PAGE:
The Prayer of Prayers

What do you think may be the single set of words spoken more often than any other in the course of our world’s history?  The Lord’s Prayer must be very high on any compiled list, included in Jesus’ Sermon on the Mount (Matthew 6:9-13).

We can hear and say daily the words of this prayer everywhere: publicly at school, at work or at church and in the privacy of our homes.  We can say it either on our own or with others.  It enables us to come face-to-face with our heavenly Father, to open our hearts and minds to him and sense him listening to, loving and caring for us.  Everything that we need is contained within this “prayer of prayers”.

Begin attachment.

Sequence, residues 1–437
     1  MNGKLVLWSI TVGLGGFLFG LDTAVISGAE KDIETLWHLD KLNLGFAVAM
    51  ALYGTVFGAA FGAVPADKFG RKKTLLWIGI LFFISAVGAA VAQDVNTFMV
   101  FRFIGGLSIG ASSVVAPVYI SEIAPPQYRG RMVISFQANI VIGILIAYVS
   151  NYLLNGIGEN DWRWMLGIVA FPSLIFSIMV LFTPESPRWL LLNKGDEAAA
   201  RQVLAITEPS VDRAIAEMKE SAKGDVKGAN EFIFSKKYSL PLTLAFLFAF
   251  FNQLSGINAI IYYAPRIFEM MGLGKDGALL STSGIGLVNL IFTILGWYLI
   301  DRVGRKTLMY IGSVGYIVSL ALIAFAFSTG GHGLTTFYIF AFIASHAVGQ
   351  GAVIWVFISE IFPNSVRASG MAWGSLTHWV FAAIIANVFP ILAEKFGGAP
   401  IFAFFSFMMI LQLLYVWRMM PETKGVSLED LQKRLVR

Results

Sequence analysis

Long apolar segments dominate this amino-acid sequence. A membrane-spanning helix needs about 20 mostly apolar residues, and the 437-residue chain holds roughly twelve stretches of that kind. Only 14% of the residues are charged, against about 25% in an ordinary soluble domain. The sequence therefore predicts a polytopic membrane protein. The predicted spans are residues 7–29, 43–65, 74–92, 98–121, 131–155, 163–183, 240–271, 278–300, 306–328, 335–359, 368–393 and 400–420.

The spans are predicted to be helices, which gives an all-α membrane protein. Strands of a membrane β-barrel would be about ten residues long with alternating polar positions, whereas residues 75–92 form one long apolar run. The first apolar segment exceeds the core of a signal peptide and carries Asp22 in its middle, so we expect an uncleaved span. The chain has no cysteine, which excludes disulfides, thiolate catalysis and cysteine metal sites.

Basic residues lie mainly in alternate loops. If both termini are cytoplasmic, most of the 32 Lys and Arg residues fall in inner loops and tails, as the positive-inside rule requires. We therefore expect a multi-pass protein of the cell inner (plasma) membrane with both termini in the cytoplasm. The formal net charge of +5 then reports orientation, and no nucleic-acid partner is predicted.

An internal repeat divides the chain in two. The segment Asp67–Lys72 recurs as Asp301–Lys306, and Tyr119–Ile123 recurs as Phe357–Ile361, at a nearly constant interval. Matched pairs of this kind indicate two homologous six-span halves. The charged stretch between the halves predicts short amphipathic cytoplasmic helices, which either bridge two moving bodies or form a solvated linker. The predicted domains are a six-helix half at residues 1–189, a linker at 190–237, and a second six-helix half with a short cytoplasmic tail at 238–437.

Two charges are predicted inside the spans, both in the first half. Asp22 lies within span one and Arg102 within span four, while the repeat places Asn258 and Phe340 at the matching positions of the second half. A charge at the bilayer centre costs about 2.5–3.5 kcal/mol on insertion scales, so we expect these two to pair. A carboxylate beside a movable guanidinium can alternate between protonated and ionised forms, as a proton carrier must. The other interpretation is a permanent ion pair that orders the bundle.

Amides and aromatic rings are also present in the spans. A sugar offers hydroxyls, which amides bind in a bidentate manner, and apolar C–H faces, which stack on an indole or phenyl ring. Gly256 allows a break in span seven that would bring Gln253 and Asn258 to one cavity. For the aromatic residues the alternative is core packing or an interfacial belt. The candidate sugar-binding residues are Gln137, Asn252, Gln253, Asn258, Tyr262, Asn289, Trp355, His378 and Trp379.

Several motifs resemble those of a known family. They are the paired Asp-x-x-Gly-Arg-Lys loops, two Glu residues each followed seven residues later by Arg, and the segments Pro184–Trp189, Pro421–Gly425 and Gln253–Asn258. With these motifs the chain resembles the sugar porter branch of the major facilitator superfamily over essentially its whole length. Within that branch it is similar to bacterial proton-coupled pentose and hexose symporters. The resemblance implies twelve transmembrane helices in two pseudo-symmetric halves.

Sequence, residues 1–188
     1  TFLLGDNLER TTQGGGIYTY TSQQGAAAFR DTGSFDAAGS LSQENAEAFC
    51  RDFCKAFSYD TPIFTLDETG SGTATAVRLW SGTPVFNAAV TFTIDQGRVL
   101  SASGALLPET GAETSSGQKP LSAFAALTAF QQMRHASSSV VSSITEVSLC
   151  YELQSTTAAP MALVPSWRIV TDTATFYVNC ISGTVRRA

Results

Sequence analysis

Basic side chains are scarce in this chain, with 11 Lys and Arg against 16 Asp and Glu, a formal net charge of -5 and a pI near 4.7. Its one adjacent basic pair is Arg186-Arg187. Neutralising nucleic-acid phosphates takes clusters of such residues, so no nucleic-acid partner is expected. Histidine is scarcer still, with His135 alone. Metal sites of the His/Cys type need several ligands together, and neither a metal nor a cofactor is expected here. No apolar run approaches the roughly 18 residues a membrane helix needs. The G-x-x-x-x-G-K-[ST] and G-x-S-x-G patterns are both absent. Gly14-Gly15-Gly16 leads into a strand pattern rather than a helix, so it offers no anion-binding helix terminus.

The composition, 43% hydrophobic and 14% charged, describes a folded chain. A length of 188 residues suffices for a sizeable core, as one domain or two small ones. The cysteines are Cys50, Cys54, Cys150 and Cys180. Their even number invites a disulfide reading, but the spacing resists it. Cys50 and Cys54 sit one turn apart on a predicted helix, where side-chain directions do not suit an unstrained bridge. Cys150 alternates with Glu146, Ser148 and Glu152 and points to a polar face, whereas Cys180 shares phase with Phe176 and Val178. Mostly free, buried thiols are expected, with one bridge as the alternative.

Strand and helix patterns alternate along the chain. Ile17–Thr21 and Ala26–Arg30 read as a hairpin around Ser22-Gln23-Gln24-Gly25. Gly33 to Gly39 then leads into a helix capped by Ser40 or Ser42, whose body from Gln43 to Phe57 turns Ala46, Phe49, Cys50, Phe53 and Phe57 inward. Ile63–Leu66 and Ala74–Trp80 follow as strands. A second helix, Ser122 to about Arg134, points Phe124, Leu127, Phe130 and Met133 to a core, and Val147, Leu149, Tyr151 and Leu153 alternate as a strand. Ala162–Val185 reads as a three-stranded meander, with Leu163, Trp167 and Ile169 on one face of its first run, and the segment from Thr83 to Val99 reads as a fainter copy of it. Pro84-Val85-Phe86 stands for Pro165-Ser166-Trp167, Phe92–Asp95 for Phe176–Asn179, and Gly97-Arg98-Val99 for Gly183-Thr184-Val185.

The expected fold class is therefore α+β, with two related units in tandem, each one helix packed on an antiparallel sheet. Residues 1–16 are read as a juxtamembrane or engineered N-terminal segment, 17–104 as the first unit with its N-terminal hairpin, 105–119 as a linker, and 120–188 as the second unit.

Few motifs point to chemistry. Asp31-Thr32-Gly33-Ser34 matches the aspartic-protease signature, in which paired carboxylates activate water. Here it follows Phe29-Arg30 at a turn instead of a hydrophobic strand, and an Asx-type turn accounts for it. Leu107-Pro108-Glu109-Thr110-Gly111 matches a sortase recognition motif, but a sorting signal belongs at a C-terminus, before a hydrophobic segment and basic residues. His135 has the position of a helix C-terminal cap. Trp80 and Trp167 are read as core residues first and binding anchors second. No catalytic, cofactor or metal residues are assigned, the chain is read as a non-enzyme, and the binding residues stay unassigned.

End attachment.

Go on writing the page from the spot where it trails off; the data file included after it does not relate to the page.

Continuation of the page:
Although the Lord’s Prayer is very familiar to Christians, such familiarity perhaps makes it rather an untapped resource.  We can each seek to meditate more on what it says and means.

For instance, if I just consider its first two words and the address to “Our Father”.  “Our” rather than “My” instructs me that I cannot know God only on my own but must do so in community with others.  Calling God “Father” is to pray in Jesus’ name, as can I be really so bold as to claim to be his child unless I am adopted through Christ’s redeeming grace?  If all Christians are then his sons and daughters, it also makes us brothers and sisters in Christ, whatever our generation.

Something to remember perhaps this Eastertide and as we prepare to join the global wave of prayer for Thy Kingdom Come between Ascension and Pentecost.

Nick May
Diocesan Secretary

Download the Prayer Calendar for May

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